Tag Archives: textile art

Consider This: Collecting Chinese Textiles

Subject and Symbolism

The symbols depicted on a textile can tell you quite specifically what the function was and who would have owned it. Chimes, twin fish, and double happiness characters are symbols for blessings in marriage, designating a marriage robe. At the same time, Imperial dragons were strictly only used on Imperial textiles until the later parts of the Qing dynasty. 

Manchu Wedding Robe, China, 19th century. Sold for $9,225 in September 2019.

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Exploring Chinese Textiles | Gallery Walk

 

Thursday, March 21| Reception 5:30PM, Gallery Walk 6PM

Join specialist Helen Eagles from the Asian Works of Art Department for a gallery walk and discussion about the Chinese textiles from the London textile collection of Nancy Murphy featured in the March 22 Asian Works of Art auction.

Primarily dating to the end of the Qing dynasty, the collection showcases purses, fan cases, and collars. The accessories are embellished and embroidered in a variety of stitches with decorations rich in blessings for the wearer, and provide an excellent introduction to the wider symbolism and techniques unique to Chinese textiles.Read More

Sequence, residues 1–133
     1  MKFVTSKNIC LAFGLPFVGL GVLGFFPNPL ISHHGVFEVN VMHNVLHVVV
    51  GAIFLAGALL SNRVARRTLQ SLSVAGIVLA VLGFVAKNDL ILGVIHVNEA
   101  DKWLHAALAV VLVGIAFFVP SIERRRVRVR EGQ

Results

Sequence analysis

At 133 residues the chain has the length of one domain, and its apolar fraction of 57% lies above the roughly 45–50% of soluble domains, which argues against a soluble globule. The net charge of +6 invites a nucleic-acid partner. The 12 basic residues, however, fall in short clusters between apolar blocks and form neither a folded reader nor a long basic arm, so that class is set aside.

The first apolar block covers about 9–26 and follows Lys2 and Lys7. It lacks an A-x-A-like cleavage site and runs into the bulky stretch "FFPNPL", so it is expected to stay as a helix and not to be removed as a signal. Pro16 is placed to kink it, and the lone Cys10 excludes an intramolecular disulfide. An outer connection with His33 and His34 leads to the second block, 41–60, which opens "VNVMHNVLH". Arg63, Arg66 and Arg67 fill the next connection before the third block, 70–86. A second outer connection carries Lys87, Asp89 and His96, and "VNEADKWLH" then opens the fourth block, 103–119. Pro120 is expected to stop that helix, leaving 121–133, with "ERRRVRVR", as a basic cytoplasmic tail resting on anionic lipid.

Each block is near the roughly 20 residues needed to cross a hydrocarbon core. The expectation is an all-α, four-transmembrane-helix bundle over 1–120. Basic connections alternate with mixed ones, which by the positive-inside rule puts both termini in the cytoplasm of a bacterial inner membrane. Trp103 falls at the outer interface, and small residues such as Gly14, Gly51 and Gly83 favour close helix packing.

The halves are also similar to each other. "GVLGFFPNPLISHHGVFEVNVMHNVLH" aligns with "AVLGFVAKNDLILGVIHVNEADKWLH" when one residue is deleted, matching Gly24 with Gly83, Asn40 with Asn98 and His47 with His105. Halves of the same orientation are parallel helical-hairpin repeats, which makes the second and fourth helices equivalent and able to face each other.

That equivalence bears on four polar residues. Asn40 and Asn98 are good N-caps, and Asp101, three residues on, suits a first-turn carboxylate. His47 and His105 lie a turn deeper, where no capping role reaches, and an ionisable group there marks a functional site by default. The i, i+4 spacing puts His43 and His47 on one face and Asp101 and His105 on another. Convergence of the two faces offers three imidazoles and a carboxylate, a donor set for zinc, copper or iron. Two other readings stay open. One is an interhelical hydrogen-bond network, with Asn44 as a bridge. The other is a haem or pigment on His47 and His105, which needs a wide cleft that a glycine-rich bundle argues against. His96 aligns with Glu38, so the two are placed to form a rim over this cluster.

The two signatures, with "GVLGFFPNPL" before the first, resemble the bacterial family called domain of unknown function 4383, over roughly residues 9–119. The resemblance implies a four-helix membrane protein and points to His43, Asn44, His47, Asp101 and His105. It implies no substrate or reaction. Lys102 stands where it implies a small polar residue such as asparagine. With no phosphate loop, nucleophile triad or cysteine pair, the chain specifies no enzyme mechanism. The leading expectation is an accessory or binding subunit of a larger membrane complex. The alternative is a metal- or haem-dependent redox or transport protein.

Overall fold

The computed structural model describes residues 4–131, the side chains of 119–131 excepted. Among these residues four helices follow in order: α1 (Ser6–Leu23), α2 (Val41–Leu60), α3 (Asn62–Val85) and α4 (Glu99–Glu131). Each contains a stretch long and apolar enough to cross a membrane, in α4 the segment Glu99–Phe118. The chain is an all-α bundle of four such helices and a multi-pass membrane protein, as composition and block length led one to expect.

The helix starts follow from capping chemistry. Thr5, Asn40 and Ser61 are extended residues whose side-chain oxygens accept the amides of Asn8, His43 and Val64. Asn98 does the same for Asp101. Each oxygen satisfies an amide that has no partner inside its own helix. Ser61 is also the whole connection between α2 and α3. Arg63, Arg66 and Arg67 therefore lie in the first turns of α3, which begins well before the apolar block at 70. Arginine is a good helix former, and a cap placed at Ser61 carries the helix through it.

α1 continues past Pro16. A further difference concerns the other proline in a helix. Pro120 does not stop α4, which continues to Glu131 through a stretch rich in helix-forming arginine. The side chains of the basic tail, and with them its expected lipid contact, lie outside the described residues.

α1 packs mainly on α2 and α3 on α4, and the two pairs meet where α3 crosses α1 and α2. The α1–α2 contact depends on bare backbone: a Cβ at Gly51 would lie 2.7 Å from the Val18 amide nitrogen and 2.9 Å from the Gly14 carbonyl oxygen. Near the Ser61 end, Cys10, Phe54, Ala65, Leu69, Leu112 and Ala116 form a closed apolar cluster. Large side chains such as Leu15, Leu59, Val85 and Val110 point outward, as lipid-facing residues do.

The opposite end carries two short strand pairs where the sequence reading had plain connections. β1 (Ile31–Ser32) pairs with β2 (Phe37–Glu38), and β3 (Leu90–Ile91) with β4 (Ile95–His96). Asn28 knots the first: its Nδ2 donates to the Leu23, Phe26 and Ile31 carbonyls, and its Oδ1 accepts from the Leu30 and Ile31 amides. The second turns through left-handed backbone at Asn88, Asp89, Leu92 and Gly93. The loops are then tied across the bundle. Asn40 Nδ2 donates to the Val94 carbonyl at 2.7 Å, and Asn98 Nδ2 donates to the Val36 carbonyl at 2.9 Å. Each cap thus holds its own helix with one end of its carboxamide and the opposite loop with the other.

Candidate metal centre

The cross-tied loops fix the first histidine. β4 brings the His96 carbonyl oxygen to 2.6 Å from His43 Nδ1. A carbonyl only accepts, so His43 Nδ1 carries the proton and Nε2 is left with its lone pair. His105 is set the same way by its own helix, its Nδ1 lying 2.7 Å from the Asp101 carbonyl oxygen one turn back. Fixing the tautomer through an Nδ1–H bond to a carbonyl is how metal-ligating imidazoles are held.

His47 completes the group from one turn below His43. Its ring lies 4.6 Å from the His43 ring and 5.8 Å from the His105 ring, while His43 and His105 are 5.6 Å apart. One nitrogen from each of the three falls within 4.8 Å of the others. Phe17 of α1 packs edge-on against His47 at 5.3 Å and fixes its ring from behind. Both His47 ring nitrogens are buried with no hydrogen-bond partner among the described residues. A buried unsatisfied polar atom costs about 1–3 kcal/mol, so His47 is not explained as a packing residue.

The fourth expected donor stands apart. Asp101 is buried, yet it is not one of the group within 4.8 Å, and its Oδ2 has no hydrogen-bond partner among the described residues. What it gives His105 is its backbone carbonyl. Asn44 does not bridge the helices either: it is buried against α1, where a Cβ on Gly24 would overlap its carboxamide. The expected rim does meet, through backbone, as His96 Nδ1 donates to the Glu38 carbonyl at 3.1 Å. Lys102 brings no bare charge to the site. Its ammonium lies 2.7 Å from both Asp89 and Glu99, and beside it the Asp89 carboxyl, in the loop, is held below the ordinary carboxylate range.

The Art of the Quilt: From Functional to Ornamental

Over the past few years, quilts and quilting have experienced resurgence in popularity. The appeal of quilts and textile art is as varied as the patterns they employ. Whether it is the bold, bright, and contrasting colors or the strength and diversity of the design, quilts have consumed the interest of contemporary artists and enthusiasts alike.

The origins of quilting are seen in the 17th century when chintz and calico fabrics were beginning to be imported from India.… Read More